And of course there were hosts of small mariachi bands as well as street and bus performers everywhere. We learned what a true, traditional mariachi band was like at the Ballet Folklorico. The folk dancing was terrific, but it was the mariachis that blew us away. No pictures from the show itself except this teaser.

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We do however have photos of the drop-dead gorgeous Palacio de Bellas Artes where the Ballet Folklorico was staged. Which is a perfect segue to the architecture of our trip. Here it is lit up at night.

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And inside is equally mind blowing. The stage’s curtain is made of Tiffany glass and rises straight up when the show begins.

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This is another gem of the city’s center. I can’t recall what it is, but it’s a beaut!

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The Angel of Independence lit up at night.


The post office. You know, where you go to mail a letter, buy stamps and gawk.

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And then there’s the Mexico City Metropolitan Cathedral – two photos straight on taken from the Zocalo plaza and then one pic of both of us on the side of the Cathedral.

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Inside the Cathedral is jaw dropping, but what grabbed me was the little chapel dedicated to the Saint of the Rebozo which is the typical shawl worn by Mexican women.

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Looking from the Cathedral across the street at the Zocalo. This is where huge gatherings occur including protests. Pretty quiet on this day.

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A panoramic of the Zocalo and its surrounding buildings. Feel free to click on it to see it larger.

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The Cathedral is magnificent, of course, but the fact that it’s built nearly on top of the ancient Aztec sacred Templo Mayor makes it even more amazing. In the front courtyard of the Cathedral there are windows in the ground so you can see the ruins of the temple below. The inside scoop is that when Cortes ordered it to be built, the Spaniards asked the indigenous people where the ancient temple had been. Knowing that they were going to desecrate their sacred ground with their own structure, they pointed about 100 yards away from the center of their long-ago-destroyed temple. Thus, the heart of the Templo Mayor was able to be later uncovered. So of course we wandered through the its unccovered ruins.

Here is a picture of Hershey and me in front of the temple ruins with the Cathedral in the background on the left and a modern skyscraper with its spire further recessed. I just love the old and new side by side. (And I don’t mean me and Hershey!)

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A couple of close ups. Yeah, those are skulls in the second pic.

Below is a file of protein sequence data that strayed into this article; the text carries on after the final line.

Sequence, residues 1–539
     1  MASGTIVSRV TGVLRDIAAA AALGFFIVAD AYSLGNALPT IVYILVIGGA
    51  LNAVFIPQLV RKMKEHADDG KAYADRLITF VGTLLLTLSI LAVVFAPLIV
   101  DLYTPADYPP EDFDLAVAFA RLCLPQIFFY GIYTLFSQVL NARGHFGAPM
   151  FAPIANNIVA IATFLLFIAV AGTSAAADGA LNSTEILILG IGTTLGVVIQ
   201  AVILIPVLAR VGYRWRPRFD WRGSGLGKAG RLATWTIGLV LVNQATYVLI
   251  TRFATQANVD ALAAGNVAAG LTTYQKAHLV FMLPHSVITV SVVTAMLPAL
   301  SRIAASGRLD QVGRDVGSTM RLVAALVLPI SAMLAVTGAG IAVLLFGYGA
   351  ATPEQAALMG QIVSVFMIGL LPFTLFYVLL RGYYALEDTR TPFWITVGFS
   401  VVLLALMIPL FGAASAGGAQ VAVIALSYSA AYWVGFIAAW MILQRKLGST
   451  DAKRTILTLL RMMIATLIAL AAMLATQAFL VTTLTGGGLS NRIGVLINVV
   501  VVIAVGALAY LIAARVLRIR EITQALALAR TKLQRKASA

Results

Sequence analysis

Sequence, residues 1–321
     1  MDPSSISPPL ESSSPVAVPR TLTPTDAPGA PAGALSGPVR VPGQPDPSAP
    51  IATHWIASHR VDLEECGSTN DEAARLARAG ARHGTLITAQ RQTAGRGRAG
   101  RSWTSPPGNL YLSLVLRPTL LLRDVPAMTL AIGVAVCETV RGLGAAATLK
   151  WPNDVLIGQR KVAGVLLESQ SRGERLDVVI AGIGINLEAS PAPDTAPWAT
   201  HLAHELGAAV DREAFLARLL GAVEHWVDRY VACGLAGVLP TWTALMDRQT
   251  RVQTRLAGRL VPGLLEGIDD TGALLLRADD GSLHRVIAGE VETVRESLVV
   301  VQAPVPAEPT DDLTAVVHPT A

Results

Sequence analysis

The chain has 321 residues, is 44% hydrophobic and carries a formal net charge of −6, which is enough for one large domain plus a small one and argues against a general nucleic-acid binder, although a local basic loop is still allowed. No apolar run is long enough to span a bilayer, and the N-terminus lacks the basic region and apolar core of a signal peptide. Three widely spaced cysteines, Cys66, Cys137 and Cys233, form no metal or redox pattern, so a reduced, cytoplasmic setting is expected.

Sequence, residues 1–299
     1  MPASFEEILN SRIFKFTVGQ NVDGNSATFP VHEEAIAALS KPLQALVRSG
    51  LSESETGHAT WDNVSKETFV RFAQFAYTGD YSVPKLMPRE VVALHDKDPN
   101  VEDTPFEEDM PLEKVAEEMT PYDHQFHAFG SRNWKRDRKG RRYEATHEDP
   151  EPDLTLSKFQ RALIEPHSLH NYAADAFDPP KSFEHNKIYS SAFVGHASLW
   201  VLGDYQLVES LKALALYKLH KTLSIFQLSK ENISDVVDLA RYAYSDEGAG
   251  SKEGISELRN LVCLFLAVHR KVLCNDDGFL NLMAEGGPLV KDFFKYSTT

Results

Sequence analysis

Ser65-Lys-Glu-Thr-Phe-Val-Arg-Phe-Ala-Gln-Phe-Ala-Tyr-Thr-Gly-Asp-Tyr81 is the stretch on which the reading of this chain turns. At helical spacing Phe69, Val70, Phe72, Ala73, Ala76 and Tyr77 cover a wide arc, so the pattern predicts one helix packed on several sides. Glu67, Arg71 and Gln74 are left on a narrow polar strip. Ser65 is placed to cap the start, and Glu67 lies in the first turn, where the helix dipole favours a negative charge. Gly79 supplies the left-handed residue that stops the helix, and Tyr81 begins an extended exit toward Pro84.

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The white building in the picture below across from the Temple has a rooftop restaurant where we had a beer and a snack prior to venturing into the ruins. The pic below that shows us at that restaurant looking down over the ruins.

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On another day we combined art and architecture and wandered around the National Autonomous University of Mexico (UNAM) where murals abound! That’s actually a mosaic mural covering all four sides of the library!

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Also on campus is Espacio Escultorio or the Mexican Stonehenge as Hershey calls it – a collaboration by several artists in the 1970’s creating identical impressive stone sculptures in a circle around volcanic rocks. It’s so large it’s impossible to get a full photo of it. Concerts are sometimes held on those flat lava rocks where we’re standing. Can you imagine the acoustics?

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Climbing up to the top of one was MUCH easier than getting back down.

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We wandered into the Museo Casa del Risco in the San Angel neighborhood to bear witness to this beauty – a 1931 mosaic fountain made from abalone shells, Chinese porcelain and Talavera ceramic plates from Puebla. It honestly made me want to immediately start gluing some stuff together, aka mosaic-ing.


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All of this big-city impressive architecture and art was wonderful, AND we loved wandering the quieter streets of the Coyoacan neighborhood where Hershey (and let’s not forget, Frida) live(d).

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I mean, where else can you see mannequin legs out a window other than on quaint side streets?

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One last image taken in Xochimilco. Art or architecture? You decide. All I know is that someone forgot their ladder today.14


4 Comments on “Mexico City Part 2: Artitecture

  1. Hi there,
    I was wondering if you have Victor Uhthoff’s email address. Just returned from Mexico and got 2 0f his paintings and would like him to paint one more for me.